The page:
I stare at the wall for a while, thinking I should bring some breakable items down to the vault so I would have things to throw during moments like this, because I am certain there will be more moments like this. But then I remember I will have to be the one to clean up the broken pieces and decide not to. I finally calm down enough so that I am able to talk to the Sword without shrieking.
“Tell me how to add a bloodline.”
Now I am going to have to talk to Mynar. But first, I get my journal from its hiding place. I need to write about this—all of this. It is too big of a secret to be known only by one person. It isn’t likely I will suddenly die before I talk to Mynar, but I am not going to take any chances. I waste half a page damning the Stormborne and calling them names. Once I have everything on paper, I decide I can wait until morning to talk to my brother. My baby brother, I remind myself.
I go up the stairs from the vault, mentally kicking myself. The Sword had told me it kept silent because Ryka told it to. The damn Stormborne should have told us. But since they were all long dead it was no more effective to get angry at them than to stay angry with myself.
I stop my internal litany when I realize the top of the stairwell is filled with guards anxiously looking down. I hurry the rest of the way up.
“The king requests that you join him in the great hall. There is something…You probably want to take the Sword.”
“Damn.” At least I’m in the mood to hit something.
There is a cage in the middle of the great hall holding a whimpering man. My father, brother, and a much too large group of people are watching him, but he isn’t doing anything but whimpering.
Father looks at me as I walk up. “Sir Gryloe,” father indicates a soldierly looking older man, “Found this person in the woods of his manor upriver.” Gryloe was backed up by three younger men who were clearly his sons, but instead of soldier, the three of them proclaim farmer.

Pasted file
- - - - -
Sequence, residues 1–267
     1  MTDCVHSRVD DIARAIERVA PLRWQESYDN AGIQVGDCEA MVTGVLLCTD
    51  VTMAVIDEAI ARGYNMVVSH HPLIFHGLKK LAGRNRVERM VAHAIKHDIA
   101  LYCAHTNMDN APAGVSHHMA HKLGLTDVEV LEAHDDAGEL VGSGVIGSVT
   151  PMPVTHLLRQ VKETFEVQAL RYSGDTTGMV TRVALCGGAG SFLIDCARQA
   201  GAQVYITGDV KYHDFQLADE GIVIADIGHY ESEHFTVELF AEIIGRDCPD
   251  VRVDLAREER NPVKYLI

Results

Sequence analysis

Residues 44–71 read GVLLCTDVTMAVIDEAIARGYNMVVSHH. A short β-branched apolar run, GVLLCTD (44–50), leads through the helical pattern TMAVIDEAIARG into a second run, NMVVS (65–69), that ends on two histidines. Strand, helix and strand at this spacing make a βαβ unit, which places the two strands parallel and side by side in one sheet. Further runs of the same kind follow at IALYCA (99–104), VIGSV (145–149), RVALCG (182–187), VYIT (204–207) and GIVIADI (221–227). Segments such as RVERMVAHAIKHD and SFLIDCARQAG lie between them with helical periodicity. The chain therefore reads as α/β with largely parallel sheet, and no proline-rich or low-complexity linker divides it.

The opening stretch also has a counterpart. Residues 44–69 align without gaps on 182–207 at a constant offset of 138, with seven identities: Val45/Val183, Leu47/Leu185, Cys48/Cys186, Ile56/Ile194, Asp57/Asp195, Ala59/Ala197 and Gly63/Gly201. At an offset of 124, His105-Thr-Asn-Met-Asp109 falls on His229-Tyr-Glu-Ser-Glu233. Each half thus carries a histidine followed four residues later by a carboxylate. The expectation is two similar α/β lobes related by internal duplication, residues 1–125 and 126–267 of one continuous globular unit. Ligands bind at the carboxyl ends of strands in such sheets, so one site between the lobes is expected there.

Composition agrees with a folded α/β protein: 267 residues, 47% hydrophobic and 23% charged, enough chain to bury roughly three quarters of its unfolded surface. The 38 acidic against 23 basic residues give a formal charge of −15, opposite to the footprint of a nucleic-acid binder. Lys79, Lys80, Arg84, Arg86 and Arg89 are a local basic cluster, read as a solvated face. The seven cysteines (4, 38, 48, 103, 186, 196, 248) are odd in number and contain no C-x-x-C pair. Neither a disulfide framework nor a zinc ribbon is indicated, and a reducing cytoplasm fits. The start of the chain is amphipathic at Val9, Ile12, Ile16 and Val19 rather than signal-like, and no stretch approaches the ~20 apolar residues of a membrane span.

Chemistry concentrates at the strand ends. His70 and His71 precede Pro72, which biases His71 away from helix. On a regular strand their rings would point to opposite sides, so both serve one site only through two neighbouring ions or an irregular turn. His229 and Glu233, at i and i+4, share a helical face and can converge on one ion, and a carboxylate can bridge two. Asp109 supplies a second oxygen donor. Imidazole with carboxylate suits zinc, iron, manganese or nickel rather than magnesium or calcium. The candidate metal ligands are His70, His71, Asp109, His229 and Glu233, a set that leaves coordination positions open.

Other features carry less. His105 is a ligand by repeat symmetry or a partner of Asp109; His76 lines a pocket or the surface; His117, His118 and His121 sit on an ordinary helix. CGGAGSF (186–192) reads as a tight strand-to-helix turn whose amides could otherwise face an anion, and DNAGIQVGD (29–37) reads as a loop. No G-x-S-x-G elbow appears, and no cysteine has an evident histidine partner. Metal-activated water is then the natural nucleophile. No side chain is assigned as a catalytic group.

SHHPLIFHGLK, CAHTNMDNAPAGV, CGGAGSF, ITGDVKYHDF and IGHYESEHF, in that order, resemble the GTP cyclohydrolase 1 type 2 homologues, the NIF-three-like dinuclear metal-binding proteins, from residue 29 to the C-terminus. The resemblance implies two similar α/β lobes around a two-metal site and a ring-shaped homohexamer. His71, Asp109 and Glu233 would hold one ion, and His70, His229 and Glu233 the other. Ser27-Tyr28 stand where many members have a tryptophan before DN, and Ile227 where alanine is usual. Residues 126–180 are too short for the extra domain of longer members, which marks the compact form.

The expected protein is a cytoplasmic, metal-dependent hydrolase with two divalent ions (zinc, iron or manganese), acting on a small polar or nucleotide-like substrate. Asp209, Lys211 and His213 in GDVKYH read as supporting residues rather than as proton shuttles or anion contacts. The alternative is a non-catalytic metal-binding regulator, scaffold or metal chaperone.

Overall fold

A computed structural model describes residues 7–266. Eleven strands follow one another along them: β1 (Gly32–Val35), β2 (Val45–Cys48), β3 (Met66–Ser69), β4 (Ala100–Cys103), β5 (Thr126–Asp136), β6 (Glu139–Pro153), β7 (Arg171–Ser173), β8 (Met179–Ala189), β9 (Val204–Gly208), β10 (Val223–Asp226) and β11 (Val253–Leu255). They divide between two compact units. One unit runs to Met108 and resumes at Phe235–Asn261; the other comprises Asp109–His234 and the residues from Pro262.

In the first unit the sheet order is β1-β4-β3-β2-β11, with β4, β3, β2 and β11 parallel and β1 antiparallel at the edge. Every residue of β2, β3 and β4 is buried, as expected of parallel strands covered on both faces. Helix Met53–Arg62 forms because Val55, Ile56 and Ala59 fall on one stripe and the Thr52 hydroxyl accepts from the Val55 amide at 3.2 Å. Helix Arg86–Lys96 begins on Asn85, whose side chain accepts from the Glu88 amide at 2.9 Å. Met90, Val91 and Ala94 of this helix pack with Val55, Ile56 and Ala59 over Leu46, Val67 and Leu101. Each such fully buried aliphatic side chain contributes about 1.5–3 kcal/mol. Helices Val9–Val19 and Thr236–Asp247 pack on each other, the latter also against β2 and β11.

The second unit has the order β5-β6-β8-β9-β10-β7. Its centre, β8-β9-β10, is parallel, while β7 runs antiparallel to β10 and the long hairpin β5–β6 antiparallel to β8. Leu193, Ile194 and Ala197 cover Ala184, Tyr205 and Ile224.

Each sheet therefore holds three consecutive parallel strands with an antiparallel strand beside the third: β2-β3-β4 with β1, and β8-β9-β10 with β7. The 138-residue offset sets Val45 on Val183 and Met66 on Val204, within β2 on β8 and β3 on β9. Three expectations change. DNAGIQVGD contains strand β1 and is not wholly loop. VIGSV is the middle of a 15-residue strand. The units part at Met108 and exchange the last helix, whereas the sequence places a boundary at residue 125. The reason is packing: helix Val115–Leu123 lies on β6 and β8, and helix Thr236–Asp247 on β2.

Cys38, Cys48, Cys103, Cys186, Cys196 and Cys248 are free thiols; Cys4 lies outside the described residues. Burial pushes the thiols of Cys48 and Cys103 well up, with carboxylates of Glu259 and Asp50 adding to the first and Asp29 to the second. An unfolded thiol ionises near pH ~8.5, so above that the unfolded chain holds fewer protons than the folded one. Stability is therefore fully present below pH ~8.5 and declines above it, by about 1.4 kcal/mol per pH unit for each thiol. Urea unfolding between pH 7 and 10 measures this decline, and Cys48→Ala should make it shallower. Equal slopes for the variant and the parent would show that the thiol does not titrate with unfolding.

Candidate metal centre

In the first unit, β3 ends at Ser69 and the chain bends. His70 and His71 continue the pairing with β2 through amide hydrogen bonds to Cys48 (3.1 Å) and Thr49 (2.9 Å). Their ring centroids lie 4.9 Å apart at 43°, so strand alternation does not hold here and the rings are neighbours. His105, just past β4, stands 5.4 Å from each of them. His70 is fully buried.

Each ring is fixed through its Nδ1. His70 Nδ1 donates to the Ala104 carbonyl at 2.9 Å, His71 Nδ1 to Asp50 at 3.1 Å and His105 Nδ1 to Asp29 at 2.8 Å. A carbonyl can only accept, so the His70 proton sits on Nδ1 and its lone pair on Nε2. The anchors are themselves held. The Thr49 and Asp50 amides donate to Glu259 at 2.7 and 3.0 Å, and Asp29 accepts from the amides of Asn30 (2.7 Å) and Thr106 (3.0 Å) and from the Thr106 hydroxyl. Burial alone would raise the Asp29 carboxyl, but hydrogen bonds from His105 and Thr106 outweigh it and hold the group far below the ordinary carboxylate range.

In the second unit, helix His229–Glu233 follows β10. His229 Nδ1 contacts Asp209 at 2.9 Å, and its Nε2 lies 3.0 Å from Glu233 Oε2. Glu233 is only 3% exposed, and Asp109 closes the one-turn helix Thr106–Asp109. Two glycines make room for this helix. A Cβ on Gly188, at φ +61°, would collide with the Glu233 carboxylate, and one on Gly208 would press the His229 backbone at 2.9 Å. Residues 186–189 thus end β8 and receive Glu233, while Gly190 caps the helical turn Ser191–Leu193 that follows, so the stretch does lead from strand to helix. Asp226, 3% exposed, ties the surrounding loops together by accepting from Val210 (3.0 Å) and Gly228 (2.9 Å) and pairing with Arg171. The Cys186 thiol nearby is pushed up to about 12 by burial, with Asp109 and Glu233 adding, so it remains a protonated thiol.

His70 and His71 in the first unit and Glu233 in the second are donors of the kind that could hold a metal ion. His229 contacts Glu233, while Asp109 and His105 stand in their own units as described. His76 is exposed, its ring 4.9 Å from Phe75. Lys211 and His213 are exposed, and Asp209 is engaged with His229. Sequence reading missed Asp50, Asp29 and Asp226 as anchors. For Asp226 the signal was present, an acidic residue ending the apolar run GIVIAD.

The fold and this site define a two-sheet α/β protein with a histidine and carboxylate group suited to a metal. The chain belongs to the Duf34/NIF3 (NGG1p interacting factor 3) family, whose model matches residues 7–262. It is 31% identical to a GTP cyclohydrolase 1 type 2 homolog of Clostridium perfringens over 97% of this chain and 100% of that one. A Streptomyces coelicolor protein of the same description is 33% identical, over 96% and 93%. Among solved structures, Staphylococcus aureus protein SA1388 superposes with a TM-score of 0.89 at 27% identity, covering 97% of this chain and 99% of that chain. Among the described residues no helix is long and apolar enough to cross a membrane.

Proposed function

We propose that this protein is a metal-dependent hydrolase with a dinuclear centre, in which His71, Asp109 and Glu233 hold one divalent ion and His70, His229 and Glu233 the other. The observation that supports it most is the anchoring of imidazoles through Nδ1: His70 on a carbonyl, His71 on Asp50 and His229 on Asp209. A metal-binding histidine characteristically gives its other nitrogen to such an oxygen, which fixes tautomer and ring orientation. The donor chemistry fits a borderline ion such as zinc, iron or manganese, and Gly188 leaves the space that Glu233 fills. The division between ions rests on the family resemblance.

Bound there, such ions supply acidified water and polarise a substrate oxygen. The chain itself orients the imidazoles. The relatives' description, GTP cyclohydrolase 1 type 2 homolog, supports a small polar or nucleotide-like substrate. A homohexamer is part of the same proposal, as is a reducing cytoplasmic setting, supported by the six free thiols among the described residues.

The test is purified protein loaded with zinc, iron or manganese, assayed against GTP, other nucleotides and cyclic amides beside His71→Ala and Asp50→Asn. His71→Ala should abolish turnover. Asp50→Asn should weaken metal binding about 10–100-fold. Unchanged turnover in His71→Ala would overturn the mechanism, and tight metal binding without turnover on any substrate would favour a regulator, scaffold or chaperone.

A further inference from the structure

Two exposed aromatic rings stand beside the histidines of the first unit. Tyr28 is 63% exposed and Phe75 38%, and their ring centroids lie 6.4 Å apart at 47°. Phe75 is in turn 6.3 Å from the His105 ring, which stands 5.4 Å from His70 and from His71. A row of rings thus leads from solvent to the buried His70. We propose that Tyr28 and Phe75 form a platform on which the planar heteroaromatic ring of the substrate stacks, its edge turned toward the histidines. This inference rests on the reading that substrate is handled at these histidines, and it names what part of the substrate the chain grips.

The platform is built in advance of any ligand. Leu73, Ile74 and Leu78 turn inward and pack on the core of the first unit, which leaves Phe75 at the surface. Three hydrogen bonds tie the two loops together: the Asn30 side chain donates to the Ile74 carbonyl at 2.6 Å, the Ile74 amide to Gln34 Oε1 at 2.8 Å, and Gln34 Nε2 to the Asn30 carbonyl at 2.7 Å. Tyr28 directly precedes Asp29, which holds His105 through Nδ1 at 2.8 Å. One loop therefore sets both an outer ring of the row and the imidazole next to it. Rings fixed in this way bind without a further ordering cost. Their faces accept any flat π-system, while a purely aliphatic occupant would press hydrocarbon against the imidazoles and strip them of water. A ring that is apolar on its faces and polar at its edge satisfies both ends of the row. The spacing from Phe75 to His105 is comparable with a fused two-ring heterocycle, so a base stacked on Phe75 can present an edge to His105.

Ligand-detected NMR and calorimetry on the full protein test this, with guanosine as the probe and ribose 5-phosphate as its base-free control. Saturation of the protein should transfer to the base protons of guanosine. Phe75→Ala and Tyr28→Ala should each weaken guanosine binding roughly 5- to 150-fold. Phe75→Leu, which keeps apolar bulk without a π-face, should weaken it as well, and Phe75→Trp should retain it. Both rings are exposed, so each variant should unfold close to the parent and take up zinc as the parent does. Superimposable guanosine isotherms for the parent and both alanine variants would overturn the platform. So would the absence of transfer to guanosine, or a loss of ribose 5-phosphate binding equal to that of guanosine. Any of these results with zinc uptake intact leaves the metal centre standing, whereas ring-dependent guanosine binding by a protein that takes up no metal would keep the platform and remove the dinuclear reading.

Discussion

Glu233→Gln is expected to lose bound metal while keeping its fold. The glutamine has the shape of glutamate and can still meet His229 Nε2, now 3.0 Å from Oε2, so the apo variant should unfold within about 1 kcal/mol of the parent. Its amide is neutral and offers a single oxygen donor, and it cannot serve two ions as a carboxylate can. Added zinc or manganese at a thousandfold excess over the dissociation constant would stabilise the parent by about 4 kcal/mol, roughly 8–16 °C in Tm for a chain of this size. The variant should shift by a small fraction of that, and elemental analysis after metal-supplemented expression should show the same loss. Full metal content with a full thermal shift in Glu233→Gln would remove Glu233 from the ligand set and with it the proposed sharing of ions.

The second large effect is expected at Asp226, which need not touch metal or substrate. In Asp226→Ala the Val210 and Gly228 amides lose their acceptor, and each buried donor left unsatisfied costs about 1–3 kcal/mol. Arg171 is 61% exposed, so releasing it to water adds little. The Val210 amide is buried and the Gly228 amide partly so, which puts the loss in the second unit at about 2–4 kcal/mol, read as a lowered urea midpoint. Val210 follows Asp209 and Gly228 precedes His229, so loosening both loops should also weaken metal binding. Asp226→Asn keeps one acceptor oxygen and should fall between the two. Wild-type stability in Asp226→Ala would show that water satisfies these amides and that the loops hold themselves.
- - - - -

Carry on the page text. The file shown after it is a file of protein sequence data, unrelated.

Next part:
“We found him because of the screaming.” As if on cue the whimpering gains volume until it turns into shrieks. The man’s ears grow longer and hairy. Grey fur starts appearing on his hands and face. His nails grow into claws. And I revise my previously held opinion about werewolves just being myths. Then he gets stuck, not even half man-half wolf—more like one‑fourth wolf. His whimpers turn into howls. Everyone except Gryloe and his sons are just staring.
The sort-of-werewolf stares back and howls. I notice that everyone keeps a safe distance from the cage.
“When he’s a wolf, he tries to bite,” one of the sons explains. “He hasn’t succeeded because he tries to run on hands and feet, like a four-footed beast, and he can’t move very fast.”
“But we had to put him in a cage,” Sir Gryloe adds, “Because there is no pattern to his changing.”
“He won’t talk to us,” another son speaks up.
I circle around the room as if to view the wolfman from different angles. I am really seeking a few minutes of privacy so I can whisper “Sorcerer?” to my Sword.
“No. Not doing—done to.”
“Do you know who this is?” Father asks, not bothering to hid his annoyance at being forced to deal with more magic.